Many times when I ask a question I found that it blocked as it is duplicate. But I don't know which question is ask before. So how can I understand that the question is duplicate or not?? Please help me

• Usually one searches the site (either using the big search box at the top of the page, or using Google with the additional filter site:math.stackexchange.com) to check if something has not been posted before. That being said, it's still possible to miss a dupe, so please don't take dupe marks too hard. – J. M. is a poor mathematician Oct 16 '17 at 3:20
• It is rather unclear what your question is. You have marked this as (feature-request), but you do not say what is actually the feature you are requesting. – Martin Sleziak Oct 16 '17 at 3:57
• In case it is helpful, I have collected links to some search-related posts. Some useful post have been posted since that, like “Maybe answered questions” box on “Ask Question” page is much more useful than “Search Q&A” or Announcing a third-party search engine for Math StackExchange.. And you can find a few more in (search) tag on meta. (You can try frequent tab.) – Martin Sleziak Oct 16 '17 at 3:59
• I will also add link to my own answer where I tried to include specific examples how to search for some stuff: How to search math terms/notations accurately and efficiently? Could some experienced users summarize some tips here? There is also a chatroom dedicated to searching - you can also ask there. (Although I will admitted that not many users visit that room.) – Martin Sleziak Oct 16 '17 at 4:02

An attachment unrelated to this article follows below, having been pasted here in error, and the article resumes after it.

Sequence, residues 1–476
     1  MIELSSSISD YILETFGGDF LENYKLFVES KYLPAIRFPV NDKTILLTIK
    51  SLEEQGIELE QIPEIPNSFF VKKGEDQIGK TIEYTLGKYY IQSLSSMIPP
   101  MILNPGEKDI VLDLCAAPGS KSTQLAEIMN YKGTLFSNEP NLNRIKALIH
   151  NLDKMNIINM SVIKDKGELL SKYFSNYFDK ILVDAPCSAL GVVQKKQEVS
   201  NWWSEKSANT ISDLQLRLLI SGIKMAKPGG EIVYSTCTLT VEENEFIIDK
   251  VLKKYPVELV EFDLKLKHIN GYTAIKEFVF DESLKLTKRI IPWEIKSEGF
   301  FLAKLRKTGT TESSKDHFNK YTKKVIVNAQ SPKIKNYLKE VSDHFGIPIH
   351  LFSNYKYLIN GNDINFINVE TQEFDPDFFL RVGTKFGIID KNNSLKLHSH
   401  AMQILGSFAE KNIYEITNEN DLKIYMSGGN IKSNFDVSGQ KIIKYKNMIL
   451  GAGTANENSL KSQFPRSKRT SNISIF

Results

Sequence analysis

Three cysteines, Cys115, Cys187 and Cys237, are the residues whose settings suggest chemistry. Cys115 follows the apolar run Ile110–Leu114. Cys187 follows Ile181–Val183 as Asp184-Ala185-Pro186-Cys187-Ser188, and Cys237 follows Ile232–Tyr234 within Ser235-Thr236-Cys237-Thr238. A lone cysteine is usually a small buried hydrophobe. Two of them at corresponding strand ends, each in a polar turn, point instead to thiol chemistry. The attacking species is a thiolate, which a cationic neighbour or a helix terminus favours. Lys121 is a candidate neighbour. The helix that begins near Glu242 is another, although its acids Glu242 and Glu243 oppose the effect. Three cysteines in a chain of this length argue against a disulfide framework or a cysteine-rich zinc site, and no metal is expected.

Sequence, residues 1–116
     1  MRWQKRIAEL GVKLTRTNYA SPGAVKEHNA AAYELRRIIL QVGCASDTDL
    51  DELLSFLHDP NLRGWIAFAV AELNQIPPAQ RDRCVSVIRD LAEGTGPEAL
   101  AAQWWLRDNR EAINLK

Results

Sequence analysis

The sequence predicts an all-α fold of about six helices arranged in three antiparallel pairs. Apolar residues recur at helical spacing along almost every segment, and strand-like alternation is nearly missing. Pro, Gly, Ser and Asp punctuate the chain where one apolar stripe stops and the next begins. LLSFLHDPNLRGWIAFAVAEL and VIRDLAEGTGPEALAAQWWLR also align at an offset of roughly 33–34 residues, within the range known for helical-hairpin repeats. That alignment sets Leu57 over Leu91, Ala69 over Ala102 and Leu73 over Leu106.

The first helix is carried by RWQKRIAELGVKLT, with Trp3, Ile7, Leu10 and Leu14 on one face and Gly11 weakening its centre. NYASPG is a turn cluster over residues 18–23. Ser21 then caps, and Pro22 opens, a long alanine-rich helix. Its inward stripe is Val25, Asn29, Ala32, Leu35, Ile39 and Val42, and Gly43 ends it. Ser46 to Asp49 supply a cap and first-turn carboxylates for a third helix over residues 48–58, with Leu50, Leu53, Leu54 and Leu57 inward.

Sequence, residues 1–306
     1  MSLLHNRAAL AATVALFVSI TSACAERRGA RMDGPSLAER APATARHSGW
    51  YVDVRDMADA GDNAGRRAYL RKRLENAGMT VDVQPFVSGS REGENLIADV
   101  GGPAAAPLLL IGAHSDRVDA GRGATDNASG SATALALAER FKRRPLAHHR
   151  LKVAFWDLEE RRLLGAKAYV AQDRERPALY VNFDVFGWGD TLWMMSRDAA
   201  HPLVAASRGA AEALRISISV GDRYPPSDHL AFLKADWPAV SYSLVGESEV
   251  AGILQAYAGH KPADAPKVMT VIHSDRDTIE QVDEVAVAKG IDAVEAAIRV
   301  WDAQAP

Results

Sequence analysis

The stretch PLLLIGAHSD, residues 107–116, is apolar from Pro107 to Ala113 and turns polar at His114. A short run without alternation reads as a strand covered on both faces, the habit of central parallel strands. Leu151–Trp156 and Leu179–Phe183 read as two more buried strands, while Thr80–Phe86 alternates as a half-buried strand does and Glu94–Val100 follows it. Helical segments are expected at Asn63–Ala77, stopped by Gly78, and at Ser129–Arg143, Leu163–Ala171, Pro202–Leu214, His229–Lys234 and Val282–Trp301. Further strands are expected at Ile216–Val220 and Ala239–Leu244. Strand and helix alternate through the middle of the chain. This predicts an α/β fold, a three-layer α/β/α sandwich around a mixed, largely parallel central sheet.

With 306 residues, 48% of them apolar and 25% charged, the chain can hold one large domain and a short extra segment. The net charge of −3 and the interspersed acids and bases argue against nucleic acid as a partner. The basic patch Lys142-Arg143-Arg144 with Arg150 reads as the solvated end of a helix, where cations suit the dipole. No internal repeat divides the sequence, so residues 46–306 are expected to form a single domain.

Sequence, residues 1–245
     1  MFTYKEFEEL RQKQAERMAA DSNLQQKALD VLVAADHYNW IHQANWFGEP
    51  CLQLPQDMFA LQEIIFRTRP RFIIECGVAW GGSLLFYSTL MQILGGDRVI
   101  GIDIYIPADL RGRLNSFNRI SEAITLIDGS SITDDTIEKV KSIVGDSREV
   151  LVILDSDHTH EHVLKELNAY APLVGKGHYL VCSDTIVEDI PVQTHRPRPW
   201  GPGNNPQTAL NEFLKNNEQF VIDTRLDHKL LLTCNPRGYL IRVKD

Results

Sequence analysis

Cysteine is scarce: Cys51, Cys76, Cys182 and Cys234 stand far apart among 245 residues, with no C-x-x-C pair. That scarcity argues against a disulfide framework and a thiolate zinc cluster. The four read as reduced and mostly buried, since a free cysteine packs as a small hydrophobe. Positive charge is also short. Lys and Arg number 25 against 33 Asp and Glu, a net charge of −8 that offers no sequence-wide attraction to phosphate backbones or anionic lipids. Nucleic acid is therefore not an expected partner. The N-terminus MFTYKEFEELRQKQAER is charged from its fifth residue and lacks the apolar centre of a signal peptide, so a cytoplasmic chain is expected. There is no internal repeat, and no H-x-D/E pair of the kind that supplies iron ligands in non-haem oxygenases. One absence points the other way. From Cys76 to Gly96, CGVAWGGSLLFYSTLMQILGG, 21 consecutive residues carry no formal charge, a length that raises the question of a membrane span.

• The simplest thing you can do is search on google first. If you do this whenever you ask a question, that should avoid most of the duplicate votes. Even when your questions got closed as duplicate occasionally, that's not a big problem. After all, some users are very familiar with the subject and the site, that they might have different (personal) ways to locate duplicates (for example, I stored some standard questions in real analysis in my profile so that I can provide it when needed to). – user99914 Oct 16 '17 at 5:15
• In case the link isn't noticed in Martin Sleziak's comments, Approach0 is awesome. Just saying. – Simply Beautiful Art Oct 16 '17 at 14:14
• May I also suggest changing the title? As is, the title is a bit disconnected from the post. – Simply Beautiful Art Oct 16 '17 at 19:49
• Check on Google if there are sites answering your question. – TheWanderer Oct 17 '17 at 15:10

*The AI in the search engines do not yet know that $xy=yx$ matches $ab=ba$. Even less do they know that both of those match "commutative law".